Saturday, December 15, 2012

The Legend of Oscar Gamble

While there are many baseball cards that will forever remain etched in my memory, most of them are because the player pictured was a star. Sometimes cards were memorable because he played for my favorite team (go Reds!). And occasionally, they were memorable because they were especially difficult to find.

1975 Topps
There are some cards, however, that stand out because of the picture itself. Nearly any kid who grew up collecting baseball cards in the 1970s knows who Oscar Gamble was, though few will tell you that he was an outfielder who played for the Cleveland Indians and New York Yankees (and a whole host of other clubs). No, most people who remember him will say, "he's the one with really BIG afro, right?"

Defining Gamble's afro as "big" really doesn't do it justice. The sheer magnitude of Gamble's 'fro was purely epic. His afro was so magnificent, so voluminous that he seriously couldn't run to first base or chase a fly ball without his hat flying off his head. It was as if his hat was wedged down upon his head so tightly that it would just squirt off with the slightest of provocation.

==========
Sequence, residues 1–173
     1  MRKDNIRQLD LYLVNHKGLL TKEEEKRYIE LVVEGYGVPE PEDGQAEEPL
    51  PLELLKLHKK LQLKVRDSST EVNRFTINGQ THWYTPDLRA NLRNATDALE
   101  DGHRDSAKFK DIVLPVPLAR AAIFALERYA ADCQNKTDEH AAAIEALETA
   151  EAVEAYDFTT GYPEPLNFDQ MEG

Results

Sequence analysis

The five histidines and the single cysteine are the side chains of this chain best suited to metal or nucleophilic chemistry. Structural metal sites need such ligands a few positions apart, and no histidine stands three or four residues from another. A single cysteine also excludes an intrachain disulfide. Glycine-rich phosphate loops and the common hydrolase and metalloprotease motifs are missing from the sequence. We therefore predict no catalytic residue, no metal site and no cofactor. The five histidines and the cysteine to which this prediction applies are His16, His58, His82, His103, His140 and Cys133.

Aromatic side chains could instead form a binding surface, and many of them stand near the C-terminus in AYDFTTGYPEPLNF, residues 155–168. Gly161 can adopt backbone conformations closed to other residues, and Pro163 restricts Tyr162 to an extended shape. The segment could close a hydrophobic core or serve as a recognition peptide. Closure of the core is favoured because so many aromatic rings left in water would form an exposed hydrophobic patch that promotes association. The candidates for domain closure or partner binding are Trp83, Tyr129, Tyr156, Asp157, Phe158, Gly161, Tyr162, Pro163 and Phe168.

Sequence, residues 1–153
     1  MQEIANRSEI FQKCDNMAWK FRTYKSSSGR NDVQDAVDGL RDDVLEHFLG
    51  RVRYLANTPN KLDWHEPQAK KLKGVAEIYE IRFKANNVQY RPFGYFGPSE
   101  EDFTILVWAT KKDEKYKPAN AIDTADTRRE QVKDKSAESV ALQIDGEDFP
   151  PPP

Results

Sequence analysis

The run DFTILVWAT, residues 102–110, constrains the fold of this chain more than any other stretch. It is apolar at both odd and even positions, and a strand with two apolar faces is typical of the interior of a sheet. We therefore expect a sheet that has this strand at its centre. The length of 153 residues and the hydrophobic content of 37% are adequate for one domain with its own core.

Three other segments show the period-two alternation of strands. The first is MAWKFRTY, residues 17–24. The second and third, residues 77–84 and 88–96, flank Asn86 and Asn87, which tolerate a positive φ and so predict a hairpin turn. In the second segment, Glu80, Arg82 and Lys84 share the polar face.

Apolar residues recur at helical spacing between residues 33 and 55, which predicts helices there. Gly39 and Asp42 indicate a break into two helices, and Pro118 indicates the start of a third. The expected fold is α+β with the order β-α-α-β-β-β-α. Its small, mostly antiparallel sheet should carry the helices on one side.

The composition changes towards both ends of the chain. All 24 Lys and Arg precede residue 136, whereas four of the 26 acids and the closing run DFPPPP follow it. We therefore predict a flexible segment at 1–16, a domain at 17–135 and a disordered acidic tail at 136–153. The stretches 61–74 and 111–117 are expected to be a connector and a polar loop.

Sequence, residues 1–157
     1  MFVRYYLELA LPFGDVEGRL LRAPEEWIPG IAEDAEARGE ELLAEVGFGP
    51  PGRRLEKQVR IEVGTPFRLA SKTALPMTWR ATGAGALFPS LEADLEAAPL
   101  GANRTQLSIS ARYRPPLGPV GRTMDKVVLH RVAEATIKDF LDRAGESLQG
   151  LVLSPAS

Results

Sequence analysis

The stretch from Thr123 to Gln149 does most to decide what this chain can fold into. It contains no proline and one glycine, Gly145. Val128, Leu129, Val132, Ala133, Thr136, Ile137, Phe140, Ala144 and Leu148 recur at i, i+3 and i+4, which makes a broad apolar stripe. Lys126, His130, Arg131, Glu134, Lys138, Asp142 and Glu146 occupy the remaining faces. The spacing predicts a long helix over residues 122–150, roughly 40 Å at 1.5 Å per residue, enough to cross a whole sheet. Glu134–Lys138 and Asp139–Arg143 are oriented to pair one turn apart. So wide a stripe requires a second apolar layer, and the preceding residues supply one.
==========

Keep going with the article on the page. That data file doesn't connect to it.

While Gamble was a decent player, his play never earned the fame enjoyed by the hair. To this day, Gamble still receives multiple autograph requests - almost always on cards showing him with his famous hair.

1976 Topps Traded
Iconic Yankees owner George Steinbrenner made Gamble shear his righteous 'do in 1976 when the Tribe dealt him to the Bombers (the Yankees have long had strict guidelines regarding the hair length and facial hair of its players). Gamble was only pictured with his afro and in a Yankees uniform on one baseball card - the 1976 Topps Traded card. Notably, however, the Yankees' hat and uni shown in the photo were airbrushed (and badly) when the Traded set was issued in 1976 after the trade. 

Gamble reportedly was told by Steinbrenner that he'd get his Yanks uni when he cut his hair. Teammate Elston Howard took Gamble for his famous haircut. 

“At times, you might try to sneak it and grow it a little longer than you should," Gamble said, "but, you got to do something about your hair if you want to wear those pinstripes. They want you to look neat in them.”

Legend has it that cutting his locks cost Gamble an endorsement deal with Afro Sheen, but that Steinbrenner paid Gamble what he would've earned for the endorsement deal.

Gamble retired after the 1985 season, having played his last game with the Chicago White Sox. He never made an all-star team or led the league in any statistical category, though I would bet that many people remember him more than they remember some of the other players who made multiple all-star teams. Cecil Cooper anyone?